Minnesota Senate passes paid family and medical leave bill
Working Minnesotans would be guaranteed up to 20 weeks of paid time off to care for a baby, loved one, or their own medical issues under legislation that narrowly passed the state Senate Monday.
Why it matters: Democratic leaders have pledged to use their full control at the State Capitol to make Minnesota the 12th state in the nation to enact a paid family and medical leave program.
Catch up fast: The legislation creates a new state-run insurance program to provide workers with up to 12 weeks of partial wage replacement while they care for a new baby or sick family member. The plan also covers 12 weeks of leave for an employee to tend to their own serious medical conditions, including pregnancy.
- A .7% payroll tax, split between employers and employees, would fund the program.
- Employers that offer private benefits that meet or exceed the state's requirements could pay a fee and opt out of both the state program and the tax.
Of note: Under the Senate's version of the bill, workers could take a maximum of 20 weeks a year by combining the two benefits.
- Language that passed the House in early May caps total time off at 18 weeks.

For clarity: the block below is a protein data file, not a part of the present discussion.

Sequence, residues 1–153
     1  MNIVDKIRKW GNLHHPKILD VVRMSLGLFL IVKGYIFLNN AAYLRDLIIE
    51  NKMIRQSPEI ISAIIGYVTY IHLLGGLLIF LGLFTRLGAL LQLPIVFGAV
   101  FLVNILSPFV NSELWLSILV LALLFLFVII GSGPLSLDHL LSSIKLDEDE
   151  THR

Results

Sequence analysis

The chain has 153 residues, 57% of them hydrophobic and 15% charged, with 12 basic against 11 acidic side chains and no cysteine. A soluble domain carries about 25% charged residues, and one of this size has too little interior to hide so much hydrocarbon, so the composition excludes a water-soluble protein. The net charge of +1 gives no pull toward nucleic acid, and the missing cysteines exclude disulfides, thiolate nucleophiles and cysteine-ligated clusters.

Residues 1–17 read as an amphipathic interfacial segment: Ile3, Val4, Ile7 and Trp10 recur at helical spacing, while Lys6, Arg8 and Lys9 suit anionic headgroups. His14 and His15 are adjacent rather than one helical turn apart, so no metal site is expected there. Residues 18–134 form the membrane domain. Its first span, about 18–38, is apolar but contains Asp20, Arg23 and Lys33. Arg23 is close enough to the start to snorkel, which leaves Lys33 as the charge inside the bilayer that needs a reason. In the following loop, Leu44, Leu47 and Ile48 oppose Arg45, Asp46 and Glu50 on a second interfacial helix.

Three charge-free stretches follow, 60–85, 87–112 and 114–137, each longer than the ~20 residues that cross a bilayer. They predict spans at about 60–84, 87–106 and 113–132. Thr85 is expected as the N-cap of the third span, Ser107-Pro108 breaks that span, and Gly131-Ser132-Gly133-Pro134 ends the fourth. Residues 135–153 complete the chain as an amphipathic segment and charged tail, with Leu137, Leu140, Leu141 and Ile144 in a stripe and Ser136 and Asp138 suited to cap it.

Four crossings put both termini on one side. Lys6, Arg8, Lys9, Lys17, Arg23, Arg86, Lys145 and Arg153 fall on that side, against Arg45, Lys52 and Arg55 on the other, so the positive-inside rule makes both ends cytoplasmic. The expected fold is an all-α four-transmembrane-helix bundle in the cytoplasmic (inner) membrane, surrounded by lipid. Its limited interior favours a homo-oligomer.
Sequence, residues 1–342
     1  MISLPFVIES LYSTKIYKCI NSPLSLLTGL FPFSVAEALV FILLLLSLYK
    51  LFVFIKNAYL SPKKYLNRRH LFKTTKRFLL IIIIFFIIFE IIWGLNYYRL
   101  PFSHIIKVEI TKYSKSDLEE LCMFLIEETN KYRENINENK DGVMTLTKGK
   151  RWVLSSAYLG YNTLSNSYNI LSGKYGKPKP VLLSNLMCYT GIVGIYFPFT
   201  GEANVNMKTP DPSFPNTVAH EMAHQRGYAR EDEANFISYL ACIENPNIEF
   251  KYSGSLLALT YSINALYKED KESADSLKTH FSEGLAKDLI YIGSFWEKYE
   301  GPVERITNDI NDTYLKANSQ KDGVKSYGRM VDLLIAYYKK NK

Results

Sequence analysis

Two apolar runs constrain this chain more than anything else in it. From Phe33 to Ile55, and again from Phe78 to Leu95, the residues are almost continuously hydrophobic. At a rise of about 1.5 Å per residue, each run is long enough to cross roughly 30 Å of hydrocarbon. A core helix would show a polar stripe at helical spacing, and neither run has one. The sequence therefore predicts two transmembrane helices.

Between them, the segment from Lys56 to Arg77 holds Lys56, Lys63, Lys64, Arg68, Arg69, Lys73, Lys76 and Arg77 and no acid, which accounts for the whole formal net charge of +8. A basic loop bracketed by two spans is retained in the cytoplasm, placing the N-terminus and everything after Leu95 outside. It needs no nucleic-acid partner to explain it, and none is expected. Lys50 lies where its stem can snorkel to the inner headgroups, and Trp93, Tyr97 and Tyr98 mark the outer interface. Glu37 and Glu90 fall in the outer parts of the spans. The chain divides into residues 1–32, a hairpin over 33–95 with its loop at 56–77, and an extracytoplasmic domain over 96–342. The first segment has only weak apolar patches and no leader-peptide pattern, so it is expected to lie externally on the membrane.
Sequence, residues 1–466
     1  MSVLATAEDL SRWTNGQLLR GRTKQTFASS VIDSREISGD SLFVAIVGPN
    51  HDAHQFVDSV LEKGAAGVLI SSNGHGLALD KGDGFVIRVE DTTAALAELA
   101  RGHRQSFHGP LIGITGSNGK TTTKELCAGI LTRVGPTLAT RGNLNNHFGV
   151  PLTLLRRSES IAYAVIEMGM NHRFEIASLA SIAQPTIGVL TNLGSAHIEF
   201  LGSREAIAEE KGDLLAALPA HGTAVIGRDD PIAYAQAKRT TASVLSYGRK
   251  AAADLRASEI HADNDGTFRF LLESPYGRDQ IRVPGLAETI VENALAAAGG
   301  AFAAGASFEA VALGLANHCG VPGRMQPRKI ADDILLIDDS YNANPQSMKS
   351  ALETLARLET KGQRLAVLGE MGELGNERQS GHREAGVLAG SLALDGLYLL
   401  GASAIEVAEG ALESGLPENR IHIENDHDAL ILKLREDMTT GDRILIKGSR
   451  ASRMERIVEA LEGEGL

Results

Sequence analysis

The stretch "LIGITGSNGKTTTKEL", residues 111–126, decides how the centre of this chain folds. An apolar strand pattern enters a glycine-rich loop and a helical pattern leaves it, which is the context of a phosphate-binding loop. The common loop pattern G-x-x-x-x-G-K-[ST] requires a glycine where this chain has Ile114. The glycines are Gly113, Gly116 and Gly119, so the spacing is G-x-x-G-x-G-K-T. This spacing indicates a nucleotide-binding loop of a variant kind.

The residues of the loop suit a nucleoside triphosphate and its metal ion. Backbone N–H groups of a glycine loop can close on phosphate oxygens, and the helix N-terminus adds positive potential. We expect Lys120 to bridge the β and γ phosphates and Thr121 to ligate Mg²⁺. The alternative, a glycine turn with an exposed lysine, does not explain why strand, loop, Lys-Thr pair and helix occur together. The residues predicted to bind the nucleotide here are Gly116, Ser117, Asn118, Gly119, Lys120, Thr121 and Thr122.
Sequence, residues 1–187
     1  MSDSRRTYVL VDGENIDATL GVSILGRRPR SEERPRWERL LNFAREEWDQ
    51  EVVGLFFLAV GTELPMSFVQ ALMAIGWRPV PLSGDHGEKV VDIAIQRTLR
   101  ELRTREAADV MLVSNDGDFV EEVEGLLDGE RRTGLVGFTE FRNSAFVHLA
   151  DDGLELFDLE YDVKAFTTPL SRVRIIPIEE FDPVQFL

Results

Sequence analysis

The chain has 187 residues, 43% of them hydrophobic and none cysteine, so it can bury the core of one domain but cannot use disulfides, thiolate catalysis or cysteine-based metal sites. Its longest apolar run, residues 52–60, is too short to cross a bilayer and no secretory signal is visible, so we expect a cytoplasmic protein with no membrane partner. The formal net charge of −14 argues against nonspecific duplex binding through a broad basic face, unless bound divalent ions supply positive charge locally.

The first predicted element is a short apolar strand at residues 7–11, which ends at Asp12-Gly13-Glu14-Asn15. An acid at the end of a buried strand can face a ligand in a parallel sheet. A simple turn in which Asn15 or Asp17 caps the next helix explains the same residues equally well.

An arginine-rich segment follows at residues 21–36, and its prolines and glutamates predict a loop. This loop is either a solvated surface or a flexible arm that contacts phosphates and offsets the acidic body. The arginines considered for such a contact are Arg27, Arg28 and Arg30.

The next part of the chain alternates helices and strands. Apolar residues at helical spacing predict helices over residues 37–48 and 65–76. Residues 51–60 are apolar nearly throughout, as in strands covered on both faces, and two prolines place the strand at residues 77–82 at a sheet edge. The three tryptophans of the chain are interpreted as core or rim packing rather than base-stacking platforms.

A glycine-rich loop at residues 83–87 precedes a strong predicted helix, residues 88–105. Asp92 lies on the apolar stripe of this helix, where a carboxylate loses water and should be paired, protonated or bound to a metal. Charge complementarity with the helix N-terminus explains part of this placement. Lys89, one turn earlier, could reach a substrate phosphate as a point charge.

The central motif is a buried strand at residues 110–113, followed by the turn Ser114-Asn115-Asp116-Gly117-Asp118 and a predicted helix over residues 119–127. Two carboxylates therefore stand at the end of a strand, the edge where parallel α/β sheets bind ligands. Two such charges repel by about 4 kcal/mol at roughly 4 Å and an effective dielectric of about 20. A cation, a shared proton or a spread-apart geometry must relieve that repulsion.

What they're saying: "This program is going to even the playing field, it will keep people out of poverty and most importantly this program is built on a foundation that we are all worthy, that all of our experiences and life trajectories are equally important," DFL Sen. Alice Mann, who sponsored the Senate bill, said ahead of the vote.
The other side: Republicans and some leading business groups have criticized the proposal as a one-size-fits-all mandate. They raised concerns about both the tax hike and the cost of hiring temporary workers to backfill employees on leave.
- A GOP-backed alternative to give businesses tax incentives to help cover the cost of private paid leave insurance was rejected.
The intrigue: Like many of the DFL majority's priority bills this session, the paid family leave proposal cleared the Senate with the minimum 34 votes. Democrats voted yes, while all 33 Republicans voted no.
- The House version also passed with no votes to spare.
What's next: Lawmakers in the House and Senate have until the Legislature's May 22 adjournment deadline to reconcile differences between the two versions.
- If signed into law, the benefits would begin in 2025, the same year the tax increase takes effect.
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